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The Mystery of Edwin Drood ***

         A Mad Caper Finds Its Way to Broadway, Once Again
Will Chase, Stephanie J. BlockWill Chase, Stephanie J. Block              By Isa Goldberg
There is lots of faux fun to be had watching "The Mystery of Edwin Drood." A take-off on British music hall entertainment of the mid 1800s that carried on for nearly a century, this kind of humor clearly doesn't go out with a whimper. In fact, the two and a half hours of Rupert Holmes' musical involves the raucous, bawdy shenanigans of an acting troupe which is staging a murder mystery in The Music Hall Royale into which Studio 54 is now transformed.

Holmes, the purveyor of entertainment driven diversions, garnered three Tony Awards (book, music and lyrics) when the musical premiered in 1985. More recently, his musical "Curtains" starring David Hyde Pierce received mixed reviews for its story of an American acting company performing a musical in which a real murder takes place. Please don't take that as a spoiler alert. The murder case in "Drood" is not predictable. As the actors tell us, the musical is based on Charles Dickens' novel, "The Mystery of Edwin Drood," left unfinished because of the author's sudden death. At the point where Dickens left off, the audience is brought in to vote on the ending. There are several possible outcomes to the murder as there are to the central romance. The night I saw the play the audience voted that the central romance was between Master Nick Cricker, played by the 14-year-old Nicholas Barasch and Chita Rivera, who asks him, "So you want me to teach you the lay of the land?" The comedic send off heralds the play's happy ending.

Indeed, what makes this revival worth seeing is Ms. Rivera's performance as The Princess Puffer, the grand dame of a house of ill repute. Rivera projects amazing magnanimity, energy, and ease. Embodying a history of American musical theater, from "West Side Story" to "Zorba" to "Kiss of the Spider Woman," Rivera is in and of herself the quintessential metatheatrical experience for which the play strives. "Who am I and what am I?" she asks, as well any audience member will watching these actors play characters in a play within a play. It's a whirligig of transforming experiences.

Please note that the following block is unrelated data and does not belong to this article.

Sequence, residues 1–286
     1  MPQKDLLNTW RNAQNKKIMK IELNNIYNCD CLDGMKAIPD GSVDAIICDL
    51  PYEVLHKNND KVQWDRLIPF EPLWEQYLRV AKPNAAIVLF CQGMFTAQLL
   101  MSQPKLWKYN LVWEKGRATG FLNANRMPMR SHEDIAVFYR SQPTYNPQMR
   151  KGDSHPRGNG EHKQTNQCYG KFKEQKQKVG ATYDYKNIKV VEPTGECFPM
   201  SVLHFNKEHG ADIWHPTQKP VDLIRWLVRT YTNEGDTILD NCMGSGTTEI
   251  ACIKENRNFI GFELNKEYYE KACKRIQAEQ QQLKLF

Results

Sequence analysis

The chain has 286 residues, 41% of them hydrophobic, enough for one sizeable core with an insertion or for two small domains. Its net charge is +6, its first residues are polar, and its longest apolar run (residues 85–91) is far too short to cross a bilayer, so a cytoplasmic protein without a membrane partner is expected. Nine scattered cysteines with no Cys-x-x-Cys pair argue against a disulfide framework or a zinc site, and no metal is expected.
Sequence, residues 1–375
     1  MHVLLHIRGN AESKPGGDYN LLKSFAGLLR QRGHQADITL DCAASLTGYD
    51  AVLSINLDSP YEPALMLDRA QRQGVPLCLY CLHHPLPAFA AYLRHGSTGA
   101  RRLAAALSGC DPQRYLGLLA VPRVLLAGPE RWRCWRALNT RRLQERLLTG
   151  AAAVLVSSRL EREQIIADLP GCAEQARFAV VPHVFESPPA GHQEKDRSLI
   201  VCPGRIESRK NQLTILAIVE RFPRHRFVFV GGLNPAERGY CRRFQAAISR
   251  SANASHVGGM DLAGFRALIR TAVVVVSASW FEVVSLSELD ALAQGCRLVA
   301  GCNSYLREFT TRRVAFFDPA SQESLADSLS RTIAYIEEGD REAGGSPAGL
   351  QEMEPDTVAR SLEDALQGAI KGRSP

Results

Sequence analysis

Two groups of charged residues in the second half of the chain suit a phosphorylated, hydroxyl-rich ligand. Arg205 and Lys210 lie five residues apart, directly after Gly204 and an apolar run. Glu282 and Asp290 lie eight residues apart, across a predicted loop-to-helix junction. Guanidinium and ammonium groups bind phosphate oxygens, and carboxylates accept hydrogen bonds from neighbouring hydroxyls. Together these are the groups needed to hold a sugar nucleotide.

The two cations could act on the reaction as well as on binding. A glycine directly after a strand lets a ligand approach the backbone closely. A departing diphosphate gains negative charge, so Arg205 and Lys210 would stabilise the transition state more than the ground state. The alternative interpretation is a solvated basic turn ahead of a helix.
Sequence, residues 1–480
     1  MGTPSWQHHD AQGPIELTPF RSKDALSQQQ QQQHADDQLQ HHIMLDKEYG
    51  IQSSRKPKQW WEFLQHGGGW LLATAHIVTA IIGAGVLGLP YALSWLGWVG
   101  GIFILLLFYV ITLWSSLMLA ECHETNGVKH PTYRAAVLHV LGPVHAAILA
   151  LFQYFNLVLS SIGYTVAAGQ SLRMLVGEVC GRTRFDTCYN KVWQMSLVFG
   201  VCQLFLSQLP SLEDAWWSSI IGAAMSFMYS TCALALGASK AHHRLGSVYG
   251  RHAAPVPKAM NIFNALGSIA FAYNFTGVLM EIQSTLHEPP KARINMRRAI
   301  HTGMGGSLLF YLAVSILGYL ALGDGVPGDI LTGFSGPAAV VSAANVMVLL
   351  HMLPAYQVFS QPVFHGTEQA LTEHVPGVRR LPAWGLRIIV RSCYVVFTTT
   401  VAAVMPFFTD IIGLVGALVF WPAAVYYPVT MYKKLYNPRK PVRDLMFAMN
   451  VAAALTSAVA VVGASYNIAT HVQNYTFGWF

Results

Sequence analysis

Similarly, Jim Norton as the company's Chairman and the play's master of ceremonies embodies the sense of theatrical presence that ignites the play's charms. One of the theater's cherished raconteurs, Norton fulfills those expectations here, even when he forgets which role he's playing. The audience, too, may become dumbfounded by the sheer size of the cast and the multiplicity of roles including John Jasper (Will Chase), the choir master and a man with a split personality who, secretly enamored of his student Rosa Bud (Betsy Wolfe), appears to the Reverend Mr. Crisparkle (Gregg Edelman) as the embodiment of Satan.

Of course, the point of "Drood" is not the appropriateness of character or its logical development. To that end, Stephanie J. Block is the cross dresser who plays Edwin Drood, to whom Rosa is engaged. Their duet, "Perfect Strangers," written for two sopranos shows them both off beautifully, especially Wolfe, who has a gorgeous voice.

Directed by Scott Ellis, the production at times looks merely self-conscious rather than transcendent. Its use of pantomime, the iconography of gestures, the baseness of humor, and constant winking at the audience are really over the top.
"The Mystery of Edwin Drood" is performed at Studio 54 (254 West 54th Street) through February 10th. For tickets call 212-719-1300, visit www.roundabouttheatre.org, or stop by the box office.
Photography: Joan Marcus

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